“Passionate venture capitalist who is constantly on the lookout for talented entrepreneurs who can change the world.”
Hometown: Kyiv, Ukraine
Fun Fact About Yourself: I was born in a small town in Ukraine historically named New York.
Undergraduate School and Major:
International Economics (Taras Shevchenko National University of Kyiv)
Special Metallurgy (National Technical University of Ukraine “Ihor Sikorsky Kyiv Polytechnic Institute”)
Most Recent Employer and Job Title: Associate at Chernovetskyi Investment Group, CBDO at ZAKAZ
Describe your biggest accomplishment in your career so far: I led a large decentralized team as part of a project to modernize the broadband network of a telecom operator in Ukraine. Later, the project was recognized as one of the most extensive in Europe in terms of the number of clients. Yet, my achievement was not just in managing a very diverse team, but in teaching people to work towards common goals, be involved and invested in the result. Finally, I managed to assemble what it seemed to be a number of independent players into a squad that achieved excellent results.
What quality best describes the MBA classmates you’ve met so far and why? So far, all the classmates that I have met are very curious and purposeful. It looks like if someone faces a problem, he/she will not rest until there is a solution. I think that the constant search for new questions and answers is a quality that distinguishes Wharton students.
Aside from your classmates, what was the key factor that led you to choose this program for your full-time MBA and why was it so important to you? At various stages of my admission process, I met with many Wharton graduates, and they all are extremely successful and talented. I think their answers to my questions and their career achievements along with one of the largest networks of alumni among business schools (almost 100K) were instrumental in my decision.
Talk to us about the team-based project you completed during the application process. What did you do that helped you stand out during it? First of all, be yourself. It is you who prepared the case. There are no wrong answers here, only opinions. Second, try to draw from your own experience. Usually, the project is about something familiar to you, so find some examples of approaches that worked in your career (and those that didn’t) and offer them to your team. Third, be supportive. You are a team, not competitors.
What club or activity are you looking most forward to in business school? I am very excited about the upcoming Quantico Intensive. I’ve met an alumnus at one of Wharton’s events who told me: “I am not going to give you a lot of details about this simulation, but you have to do it – it is great!” For me, the way decision-making and leadership are exemplified in the Marine Corps is extraordinary.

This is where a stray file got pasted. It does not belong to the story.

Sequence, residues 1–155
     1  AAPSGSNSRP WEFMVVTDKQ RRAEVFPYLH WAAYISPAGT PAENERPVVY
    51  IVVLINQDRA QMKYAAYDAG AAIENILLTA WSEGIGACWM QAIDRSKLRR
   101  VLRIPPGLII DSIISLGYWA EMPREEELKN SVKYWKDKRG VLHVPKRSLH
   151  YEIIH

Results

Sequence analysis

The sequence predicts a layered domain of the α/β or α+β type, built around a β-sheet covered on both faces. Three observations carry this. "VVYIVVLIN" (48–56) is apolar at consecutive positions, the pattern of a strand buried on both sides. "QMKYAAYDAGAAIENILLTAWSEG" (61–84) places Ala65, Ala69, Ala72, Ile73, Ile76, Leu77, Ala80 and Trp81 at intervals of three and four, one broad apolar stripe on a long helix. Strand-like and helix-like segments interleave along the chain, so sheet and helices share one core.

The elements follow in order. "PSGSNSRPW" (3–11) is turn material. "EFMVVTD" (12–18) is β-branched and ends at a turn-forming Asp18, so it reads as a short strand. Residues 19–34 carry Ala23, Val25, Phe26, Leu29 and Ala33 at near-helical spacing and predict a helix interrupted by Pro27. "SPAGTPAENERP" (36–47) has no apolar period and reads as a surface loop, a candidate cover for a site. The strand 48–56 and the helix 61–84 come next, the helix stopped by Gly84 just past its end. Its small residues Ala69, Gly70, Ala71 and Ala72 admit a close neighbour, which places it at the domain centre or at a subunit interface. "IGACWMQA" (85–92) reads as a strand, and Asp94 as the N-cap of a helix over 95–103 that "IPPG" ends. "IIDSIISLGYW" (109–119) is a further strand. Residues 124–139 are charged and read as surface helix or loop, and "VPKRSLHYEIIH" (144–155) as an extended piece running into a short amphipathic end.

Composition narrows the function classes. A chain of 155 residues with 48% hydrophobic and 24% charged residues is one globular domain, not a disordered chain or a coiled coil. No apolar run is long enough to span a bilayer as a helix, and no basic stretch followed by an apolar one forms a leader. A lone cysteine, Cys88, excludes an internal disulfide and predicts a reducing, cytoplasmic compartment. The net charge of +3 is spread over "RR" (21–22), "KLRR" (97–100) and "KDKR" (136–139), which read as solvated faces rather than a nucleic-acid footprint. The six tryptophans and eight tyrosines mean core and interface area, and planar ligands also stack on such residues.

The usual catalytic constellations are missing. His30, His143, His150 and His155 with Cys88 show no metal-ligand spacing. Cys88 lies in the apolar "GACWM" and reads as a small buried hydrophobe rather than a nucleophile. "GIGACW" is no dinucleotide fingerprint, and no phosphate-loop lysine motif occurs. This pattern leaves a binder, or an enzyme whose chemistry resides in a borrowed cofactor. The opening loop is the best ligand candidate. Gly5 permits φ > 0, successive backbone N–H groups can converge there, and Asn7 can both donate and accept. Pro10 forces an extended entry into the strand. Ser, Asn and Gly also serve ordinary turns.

What was the most challenging question you were asked during the admissions process? The most difficult one, in my opinion, was the “Why Wharton?” question. Despite the fact that the question seems to be harmless, it requires deep insight from the applicant. Your task is to connect all the dots and try to explain how exactly Wharton, with its overwhelming amount of resources, will help you to fill the gap that is in front of you. You have to be as accurate as possible and give examples of courses, teachers, and events that would help your career. Try to be specific, and not be an abstract applicant to an abstract business school.
What led you to pursue an MBA at this point in your career? Working with startups and entrepreneurs every day, you often come to the conclusion that your knowledge and skills can be applied more effectively. However, you have to learn how to do this. In the end, I realized that an MBA degree in my case will not only give me access to new markets and geographies but also help to develop the leadership skills and subject expertise that we all expect from an effective manager and investor.
What other MBA programs did you apply to? UCLA, UC Berkeley, Stanford GSB, HBS, Chicago Booth
How did you determine your fit at various schools? The most important thing in choosing a school is to understand your own goals and determine how each school can help you achieve them. For me, an important factor was my conversations with current students. They are your best guides to the campus culture. Social media can be a great tool in preparing for your admission too. If you are interested, for example, in the technology sector, just go on LinkedIn and filter for alumni of your school by industry. You will immediately understand which industries source from which schools.
What was your defining moment and how did it shape who you are? I think that my defining moment was starting to work with technological entrepreneurs when I just got into VC. This is hard to convey, but the vast majority of founders radiated very positive creative energy. Since then, I realized that this was going to be the type of environment I want to be in, and I began to look for more developmental opportunities as a venture capitalist. I think that this search for new ideas is something that brought me to Wharton.
Where do you see yourself in ten years? In ten years, I wish I be doing what I love: finding amazing tech entrepreneurs, investing in their projects, and helping them make people’s lives easier and more interesting.